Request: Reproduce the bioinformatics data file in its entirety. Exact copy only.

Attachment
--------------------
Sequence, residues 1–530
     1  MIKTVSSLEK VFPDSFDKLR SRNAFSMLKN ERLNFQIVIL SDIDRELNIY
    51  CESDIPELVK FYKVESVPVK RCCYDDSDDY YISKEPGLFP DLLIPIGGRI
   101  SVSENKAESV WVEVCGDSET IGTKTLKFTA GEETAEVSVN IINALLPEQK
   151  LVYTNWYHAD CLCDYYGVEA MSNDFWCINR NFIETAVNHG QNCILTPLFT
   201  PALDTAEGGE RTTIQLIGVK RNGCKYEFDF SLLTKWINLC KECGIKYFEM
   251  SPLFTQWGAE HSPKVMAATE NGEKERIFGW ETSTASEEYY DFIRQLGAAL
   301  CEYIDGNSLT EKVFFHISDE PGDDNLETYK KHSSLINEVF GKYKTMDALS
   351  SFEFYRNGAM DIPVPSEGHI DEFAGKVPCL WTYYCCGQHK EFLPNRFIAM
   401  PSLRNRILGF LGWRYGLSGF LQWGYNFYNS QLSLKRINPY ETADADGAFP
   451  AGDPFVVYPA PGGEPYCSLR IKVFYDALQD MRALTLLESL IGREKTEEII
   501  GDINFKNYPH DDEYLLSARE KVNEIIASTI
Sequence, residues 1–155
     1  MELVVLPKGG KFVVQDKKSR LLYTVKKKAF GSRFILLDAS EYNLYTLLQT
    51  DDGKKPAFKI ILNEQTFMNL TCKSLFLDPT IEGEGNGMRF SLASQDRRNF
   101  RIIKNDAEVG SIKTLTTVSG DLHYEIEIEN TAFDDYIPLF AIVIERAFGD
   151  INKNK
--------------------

Sequence, residues 1–530
     1  MIKTVSSLEK VFPDSFDKLR SRNAFSMLKN ERLNFQIVIL SDIDRELNIY
    51  CESDIPELVK FYKVESVPVK RCCYDDSDDY YISKEPGLFP DLLIPIGGRI
   101  SVSENKAESV WVEVCGDSET IGTKTLKFTA GEETAEVSVN IINALLPEQK
   151  LVYTNWYHAD CLCDYYGVEA MSNDFWCINR NFIETAVNHG QNCILTPLFT
   201  PALDTAEGGE RTTIQLIGVK RNGCKYEFDF SLLTKWINLC KECGIKYFEM
   251  SPLFTQWGAE HSPKVMAATE NGEKERIFGW ETSTASEEYY DFIRQLGAAL
   301  CEYIDGNSLT EKVFFHISDE PGDDNLETYK KHSSLINEVF GKYKTMDALS
   351  SFEFYRNGAM DIPVPSEGHI DEFAGKVPCL WTYYCCGQHK EFLPNRFIAM
   401  PSLRNRILGF LGWRYGLSGF LQWGYNFYNS QLSLKRINPY ETADADGAFP
   451  AGDPFVVYPA PGGEPYCSLR IKVFYDALQD MRALTLLESL IGREKTEEII
   501  GDINFKNYPH DDEYLLSARE KVNEIIASTI
Sequence, residues 1–155
     1  MELVVLPKGG KFVVQDKKSR LLYTVKKKAF GSRFILLDAS EYNLYTLLQT
    51  DDGKKPAFKI ILNEQTFMNL TCKSLFLDPT IEGEGNGMRF SLASQDRRNF
   101  RIIKNDAEVG SIKTLTTVSG DLHYEIEIEN TAFDDYIPLF AIVIERAFGD
   151  INKNK